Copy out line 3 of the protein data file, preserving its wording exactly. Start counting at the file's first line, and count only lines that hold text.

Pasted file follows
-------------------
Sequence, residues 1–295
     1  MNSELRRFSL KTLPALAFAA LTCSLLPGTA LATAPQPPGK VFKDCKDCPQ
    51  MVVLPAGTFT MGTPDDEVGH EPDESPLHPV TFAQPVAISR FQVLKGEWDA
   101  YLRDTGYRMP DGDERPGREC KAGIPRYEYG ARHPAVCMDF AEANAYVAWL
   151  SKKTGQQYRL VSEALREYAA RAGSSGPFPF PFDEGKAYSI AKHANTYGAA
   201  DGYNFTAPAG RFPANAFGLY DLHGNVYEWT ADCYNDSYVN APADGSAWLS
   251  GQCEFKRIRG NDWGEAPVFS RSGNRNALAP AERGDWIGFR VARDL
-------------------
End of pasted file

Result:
    51  MVVLPAGTFT MGTPDDEVGH EPDESPLHPV TFAQPVAISR FQVLKGEWDA